Reforming America’s health care system has become a defining domestic issue in the presidential race.
Democratic presidential hopeful John Kerry wants the federal government — that is, the taxpayer — to become the country’s catastrophic insurer. Other Democrats openly assail any private involvement in health care.
“Does this mean that the American way is wrong and that we should switch to a Canadian-style single payer system?” writes New York Times columnist Paul Krugman (search). “Well, yes.”
Before Americans embrace those who advocate joining the Canadians in government-dominated health care, they ought to take a look north. Just as American pundits and politicians are calling for us to adopt policies that put us on a path to a Canadian-style system, Canadians fed up with rationed care are questioning their own.
A July poll conducted for the Canadian Medical Association (search) found that 40 percent of Canadians now grade their health care system as a C or worse.
“Year over year, Canadians have identified that their confidence in their health-care system is eroding,” said former CMA president Sunil Patel.
The reason is simple and the problem is structural.
In theory, Canadians enjoy an almost ideal system — the government pays for all necessary health care, which is delivered by private practice physicians and independent hospitals. The day-to-day reality is starkly different. When Canadians need care, they face a series of waits: one for access to a primary care doctor, another for access to scarce diagnostic equipment, and another for the necessary procedure.
Between 1993 and 2003, the median waiting time from referral by a general practitioner to treatment increased by 90 percent, from 9.3 weeks to 17.7 weeks, according to an annual survey of physicians by the Vancouver-based Fraser Institute. For cancer patients, the waiting time for medical oncology more than doubled from 2.5 weeks to 6.1 weeks, and the waiting time for radiation oncology increased from 5.3 weeks to 8.1 weeks.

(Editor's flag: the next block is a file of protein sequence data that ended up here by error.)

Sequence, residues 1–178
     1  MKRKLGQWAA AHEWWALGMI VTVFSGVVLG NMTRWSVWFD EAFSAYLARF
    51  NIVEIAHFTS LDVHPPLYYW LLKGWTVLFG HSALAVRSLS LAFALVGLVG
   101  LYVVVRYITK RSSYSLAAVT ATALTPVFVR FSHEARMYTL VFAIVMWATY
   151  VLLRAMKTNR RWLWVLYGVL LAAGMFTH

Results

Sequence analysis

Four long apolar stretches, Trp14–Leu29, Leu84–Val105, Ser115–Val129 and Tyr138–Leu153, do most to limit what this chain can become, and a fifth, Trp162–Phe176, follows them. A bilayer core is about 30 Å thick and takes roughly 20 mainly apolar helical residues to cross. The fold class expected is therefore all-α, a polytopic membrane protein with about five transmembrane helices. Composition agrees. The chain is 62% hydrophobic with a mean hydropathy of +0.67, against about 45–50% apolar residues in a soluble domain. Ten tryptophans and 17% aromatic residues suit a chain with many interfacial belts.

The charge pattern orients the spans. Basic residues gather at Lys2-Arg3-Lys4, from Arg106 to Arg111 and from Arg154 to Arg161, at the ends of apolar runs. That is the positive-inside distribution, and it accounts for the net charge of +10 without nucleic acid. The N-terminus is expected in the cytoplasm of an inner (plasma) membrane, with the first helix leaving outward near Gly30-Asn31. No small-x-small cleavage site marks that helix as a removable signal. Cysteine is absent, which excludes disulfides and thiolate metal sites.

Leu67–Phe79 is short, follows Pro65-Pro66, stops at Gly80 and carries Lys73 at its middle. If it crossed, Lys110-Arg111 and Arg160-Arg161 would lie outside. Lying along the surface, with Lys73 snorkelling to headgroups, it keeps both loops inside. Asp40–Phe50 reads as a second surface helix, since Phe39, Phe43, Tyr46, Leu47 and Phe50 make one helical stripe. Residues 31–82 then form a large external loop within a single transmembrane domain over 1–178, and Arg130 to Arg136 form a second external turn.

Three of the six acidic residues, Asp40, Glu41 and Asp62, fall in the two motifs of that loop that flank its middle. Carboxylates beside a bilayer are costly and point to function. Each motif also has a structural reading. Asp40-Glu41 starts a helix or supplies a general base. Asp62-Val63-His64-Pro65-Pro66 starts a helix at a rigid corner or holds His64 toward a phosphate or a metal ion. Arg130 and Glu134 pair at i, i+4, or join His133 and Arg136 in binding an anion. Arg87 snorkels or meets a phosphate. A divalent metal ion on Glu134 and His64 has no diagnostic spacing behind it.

That’s the experience of 58-year-old Don Cernivz, who noticed blood in his urine in fall of 2003. He waited three weeks for his first diagnostic test and then another month for an MRI (search). Actual treatment for his cancer of the pelvis didn’t commence until May of the following year.
“The waiting time is ridiculous at the hospital,” his daughter complained to the Calgary Herald. “He is in pain.”
The waits for care are not aberrations, but the logical result of the incentives of a government-supported system. To the government, health care costs are merely the checks it must write. To the patients like Cernivz, however, costs are broader, including the value of lost or diminished work while waiting for care and the diminished quality of life, while waiting in pain.
Government planners control monetary costs by shifting non-monetary costs on to patients. The system then prohibits Canadians from avoiding those non-monetary costs by paying out of pocket for their care, unless they leave the country.
That’s exactly what former champion figure skater Audrey Williams did. After waiting two years for a hip replacement in Vancouver, B.C., she traveled to Washington State and paid $25,000 to stop the pain.
“I couldn’t wait any longer,” the 71-year-old Williams told the National Post. She could barely walk, wasn’t getting enough sleep, and pain pills had upset her stomach. “I wanted a life.”
Canadians are finding they now have to wait for primary care, not just advanced procedures.
One Canadian tells of a 5-year wait to see his wife’s general practitioner. Nearly 4 in 10 Canadians reported waiting longer than they thought reasonable for access to a family physician in a poll conducted for the CMA in the spring of 2004.
"At the moment," writes CMA president Dr. Albert Schumacher, "millions of Canadians would love to find just one family physician, let alone choose from among several."
Nearly half of doctors and nurses polled in July reported that their patient’s conditions had worsened while waiting for care.
And the waits only promise to get longer, as a stagnating pool of physicians struggles to serve an aging population that isn’t allowed to pay privately for care. That’s the reality of a health care system dominated by the government, and the reality Americans need to be wary of when considering options for health care reform.
Sally C. Pipes, a Canadian residing in the U.S., is the president & CEO of the California-based Pacific Research Institute. She is the author of "Miracle Cure: How to Solve America’s Health Care Crisis and Why Canada Isn’t the Answer," with a foreword by Milton Friedman.